But after being named first team All-SEC again, Jacky Dorsey decided to enter the NBA draft foregoing his last two years of eligibility.Georgia struggled again winning only 9 games total,but did give SEC co-champ Tennessee one of their two losses denying the Vols their first outright title in ten years. 1977-1978 was only marginally better at 11-16 but coupled with the fact that the SEC was down sending only Kentucky to post season play (who did indeed win the NCAA title), the Bulldog administration decided to relieve Guthrie of his duties.

This time Georgia again the Bulldogs went after an accomplished head coach as Guthrie's impending ouster was no surprise. Shortly after the conclusion of the 1978 NCAA tournament, Georgia lured Florida State head coach Hugh Durham away from his alma mater. Durham,only 40 at the time of his hiring, had been the Seminoles' head coach for 12 years compiling a 230-95 record.Whereas Georgia had never had a 20 win season nor participated in post-season play, Durham had had four twenty win seasons and three trips to the NCAA tournament including an 81-76 loss to UCLA at the Los Angeles' Sports Arena in the 1972 NCAA Title game. The Bruins' five point victory was the narrowest margin John Wooden had in his incredible run of ten national titles in twelve years.

UCLA's 81-76 win over Hugh Durham's Florida State team in '72 was John Wooden's closest call in the 10 NCAA titles he won in a 12 year span

Durham had explored other jobs during his tenure at Florida State frustrated over the school and the entire state's apathy towards basketball. He discussed the Georgia offer with other coaches, including North Carolina's Dean Smith.Smith felt the Georgia job had potential but strongly suggested that Georgia develop a statewide radio network.This concept resonated with Durham.A native of Louisville, Durham had grown up a Kentucky fan and listened to every Kentucky basketball game growing up even crying as a youngster on the rare occasion the 'Cats would lose.(He had even signed a scholarship to Kentucky to play football,but his first love was basketball and signed with Florida State after hometown Louisville only offered a partial scholarship).Georgia agreed to putting together a radio network and had five stations in 1978 and 42 five years later when the Bulldogs went to the Final Four.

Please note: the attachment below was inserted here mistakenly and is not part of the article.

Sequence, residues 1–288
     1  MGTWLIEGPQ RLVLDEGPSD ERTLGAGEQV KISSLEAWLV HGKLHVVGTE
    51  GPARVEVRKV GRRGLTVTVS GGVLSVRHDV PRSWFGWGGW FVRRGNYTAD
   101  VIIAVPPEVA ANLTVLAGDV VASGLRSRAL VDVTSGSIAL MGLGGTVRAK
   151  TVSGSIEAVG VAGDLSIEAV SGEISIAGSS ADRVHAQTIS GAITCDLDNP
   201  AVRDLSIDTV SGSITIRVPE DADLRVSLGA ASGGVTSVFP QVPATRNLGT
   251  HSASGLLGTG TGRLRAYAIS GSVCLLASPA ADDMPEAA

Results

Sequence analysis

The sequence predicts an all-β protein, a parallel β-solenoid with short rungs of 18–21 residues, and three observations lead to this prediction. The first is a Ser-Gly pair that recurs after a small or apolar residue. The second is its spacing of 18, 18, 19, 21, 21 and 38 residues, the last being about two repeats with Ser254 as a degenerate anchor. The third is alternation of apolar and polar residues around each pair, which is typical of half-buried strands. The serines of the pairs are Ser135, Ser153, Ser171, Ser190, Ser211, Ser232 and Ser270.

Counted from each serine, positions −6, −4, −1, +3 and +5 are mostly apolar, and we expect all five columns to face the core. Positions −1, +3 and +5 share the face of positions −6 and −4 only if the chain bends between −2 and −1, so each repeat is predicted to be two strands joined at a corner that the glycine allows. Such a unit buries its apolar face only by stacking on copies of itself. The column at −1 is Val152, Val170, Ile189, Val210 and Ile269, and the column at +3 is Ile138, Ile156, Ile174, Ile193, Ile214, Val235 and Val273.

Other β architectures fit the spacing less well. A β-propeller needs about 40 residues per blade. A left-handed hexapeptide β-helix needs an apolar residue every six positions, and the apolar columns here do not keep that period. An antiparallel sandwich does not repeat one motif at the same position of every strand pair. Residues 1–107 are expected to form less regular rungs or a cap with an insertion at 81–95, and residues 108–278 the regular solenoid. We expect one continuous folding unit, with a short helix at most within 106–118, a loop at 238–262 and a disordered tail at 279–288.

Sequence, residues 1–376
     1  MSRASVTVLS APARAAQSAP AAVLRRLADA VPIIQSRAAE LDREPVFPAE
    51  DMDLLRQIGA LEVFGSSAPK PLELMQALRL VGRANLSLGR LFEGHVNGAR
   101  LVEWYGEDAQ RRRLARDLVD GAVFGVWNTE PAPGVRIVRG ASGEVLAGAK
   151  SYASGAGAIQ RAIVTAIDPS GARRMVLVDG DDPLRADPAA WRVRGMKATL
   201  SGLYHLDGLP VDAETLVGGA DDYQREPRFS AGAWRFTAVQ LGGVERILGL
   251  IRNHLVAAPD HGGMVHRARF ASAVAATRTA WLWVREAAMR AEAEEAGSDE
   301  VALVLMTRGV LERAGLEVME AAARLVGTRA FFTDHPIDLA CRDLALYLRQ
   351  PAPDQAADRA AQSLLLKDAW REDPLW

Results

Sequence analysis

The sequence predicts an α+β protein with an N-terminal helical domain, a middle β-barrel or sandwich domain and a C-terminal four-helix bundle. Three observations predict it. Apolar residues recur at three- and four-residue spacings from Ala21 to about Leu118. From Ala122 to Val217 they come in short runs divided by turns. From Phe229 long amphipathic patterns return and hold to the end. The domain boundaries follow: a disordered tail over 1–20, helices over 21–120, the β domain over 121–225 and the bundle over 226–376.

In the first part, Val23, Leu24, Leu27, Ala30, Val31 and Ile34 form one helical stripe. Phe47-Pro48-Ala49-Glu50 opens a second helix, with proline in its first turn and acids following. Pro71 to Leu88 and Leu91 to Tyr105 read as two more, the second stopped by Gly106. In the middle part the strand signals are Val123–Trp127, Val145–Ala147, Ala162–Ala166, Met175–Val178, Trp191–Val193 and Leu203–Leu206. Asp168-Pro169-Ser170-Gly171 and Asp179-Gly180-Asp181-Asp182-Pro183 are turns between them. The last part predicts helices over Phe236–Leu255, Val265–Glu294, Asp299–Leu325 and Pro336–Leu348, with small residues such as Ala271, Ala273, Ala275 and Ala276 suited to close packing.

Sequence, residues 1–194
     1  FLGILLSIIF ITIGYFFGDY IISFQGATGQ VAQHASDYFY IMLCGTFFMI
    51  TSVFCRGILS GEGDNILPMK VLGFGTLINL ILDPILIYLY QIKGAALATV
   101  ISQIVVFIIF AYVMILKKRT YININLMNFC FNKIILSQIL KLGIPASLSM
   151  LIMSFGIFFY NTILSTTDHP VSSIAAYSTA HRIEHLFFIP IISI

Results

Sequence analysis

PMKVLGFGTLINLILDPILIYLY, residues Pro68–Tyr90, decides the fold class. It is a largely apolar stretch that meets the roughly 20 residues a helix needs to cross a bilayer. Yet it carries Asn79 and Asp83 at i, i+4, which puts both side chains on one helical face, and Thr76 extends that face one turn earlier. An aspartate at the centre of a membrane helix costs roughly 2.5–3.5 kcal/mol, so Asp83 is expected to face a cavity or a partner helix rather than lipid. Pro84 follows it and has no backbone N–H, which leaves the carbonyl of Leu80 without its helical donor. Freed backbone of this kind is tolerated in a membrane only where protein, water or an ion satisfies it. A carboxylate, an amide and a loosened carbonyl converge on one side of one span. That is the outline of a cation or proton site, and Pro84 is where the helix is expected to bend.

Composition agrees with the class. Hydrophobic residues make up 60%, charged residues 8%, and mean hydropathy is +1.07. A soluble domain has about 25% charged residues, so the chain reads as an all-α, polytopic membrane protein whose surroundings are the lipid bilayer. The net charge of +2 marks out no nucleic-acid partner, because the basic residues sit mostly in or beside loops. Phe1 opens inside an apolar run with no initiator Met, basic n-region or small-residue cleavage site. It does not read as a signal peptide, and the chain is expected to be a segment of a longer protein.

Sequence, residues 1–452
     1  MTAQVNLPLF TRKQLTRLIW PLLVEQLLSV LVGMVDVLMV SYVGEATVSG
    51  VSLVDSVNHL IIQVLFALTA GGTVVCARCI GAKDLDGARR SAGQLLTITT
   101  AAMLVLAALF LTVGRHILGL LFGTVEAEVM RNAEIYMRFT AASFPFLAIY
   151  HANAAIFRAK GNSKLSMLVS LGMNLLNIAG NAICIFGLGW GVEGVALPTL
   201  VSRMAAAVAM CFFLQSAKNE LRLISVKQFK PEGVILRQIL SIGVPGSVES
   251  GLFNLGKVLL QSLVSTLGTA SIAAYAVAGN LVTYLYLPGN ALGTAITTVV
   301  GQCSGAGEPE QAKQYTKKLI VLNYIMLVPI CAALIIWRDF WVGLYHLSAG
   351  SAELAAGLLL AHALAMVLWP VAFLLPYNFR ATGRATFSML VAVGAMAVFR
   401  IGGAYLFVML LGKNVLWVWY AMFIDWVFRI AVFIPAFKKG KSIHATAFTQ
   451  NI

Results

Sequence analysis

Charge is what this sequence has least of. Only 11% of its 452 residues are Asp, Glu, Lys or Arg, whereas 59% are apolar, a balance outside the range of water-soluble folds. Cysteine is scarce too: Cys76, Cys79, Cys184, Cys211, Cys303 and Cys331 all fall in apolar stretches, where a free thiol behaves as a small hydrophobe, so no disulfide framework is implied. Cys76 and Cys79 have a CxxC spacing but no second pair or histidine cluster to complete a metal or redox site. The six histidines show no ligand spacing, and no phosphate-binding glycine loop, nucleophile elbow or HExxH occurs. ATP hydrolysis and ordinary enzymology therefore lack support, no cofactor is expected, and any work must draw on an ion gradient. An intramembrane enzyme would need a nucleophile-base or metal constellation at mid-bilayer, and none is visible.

Growing up in Kentucky in the 50's, Durham listened to UK basketball and Cawood Ledford on the radio. Dean Smith encouraged him to get assurances from Georgia that the Bulldogs would put together a state-wide radio network

At Florida State,he had been a star player himself for the Seminoles in the late 1950's. At the time of his hiring at Georgia in 1978 he was still the sixth all-time scorer in Florida State history. He had a career high of 43 points his sophomore year vs Stetson and in his senior year when he averaged 21 points per game he scored 36 points vs none other than Georgia.

Like Guthrie, Durham's promotion to head coach at Florida State was also done on short notice and out of necessity. After graduating from Florida State, Durham became an assistant for his college coach, Bud Kennedy. When Kennedy stepped down (and died shortly after) after being diagnosed with stomach cancer, Durham was elevated to head coach.Among other players, one of his players was Lenny Hall, a junior college transfer who Durham had recruited to Florida State while he was still an assistant. What made Hall's presence different was he was the first black athlete in Florida State history.

Durham's (back right)  first Florida State squad in 1966-1967.Lenny Hall (14) was the first black athlete in school history

Not unlike other areas in the South in 1966, Hall's recruitment was not well received by everyone in Florida nor the "Seminole Nation". Nonetheless, Kennedy and Durham stood firm from outside pressure to "reconsider" the transfer. In game one of the 1966-1967 season and game one of the Hugh Durham Era, Hall entered the game. He played four minutes scoring four points and collecting two rebounds. Unfortunately, in coming down with one of the rebounds he twisted his knee and left the game. Unable to return due to his injury, it was determined afterwards he had cartilage damage. Sadly, after only a few minutes in his first game as a Seminole, his career was over.Oddly enough, Hall's four points were the difference in Florida State's four point win over Valdosta State in Durham's debut.

Even though Hall would never play again, Durham continued to recruit black players in an era where most of his Southern counterparts (SEC, ACC and other Independents) pursued the matter a little slower or with more hesitance. Durham wanted to win and recruited players who were often passed over by "larger" schools, as Florida State wasn't the athletic power it became in the late 1980's.In his second year as head coach in 1968, Florida State was selected for the NCAA tournament for the first time led by future NBA All-Star Dave Cowens.In 1972 when Florida State blasted Kentucky 73-54 in the Mideast Regional final to advance to the Final Four in Adolph Rupp's final game, the Seminoles had five black starters while the Wildcats had zero.

But headed into the 1978-1979 season this was a non-issue and Durham and the Bulldogs looked to improve and have a winnings season for the first time in seven years.A winning season would be a start in the right direction. While he had four 20 or more win seasons in 12 years at Tallahassee, the Georgia Bulldogs had only had two 20 or more win seasons in their entire history, the last time in the 1939-1940 season.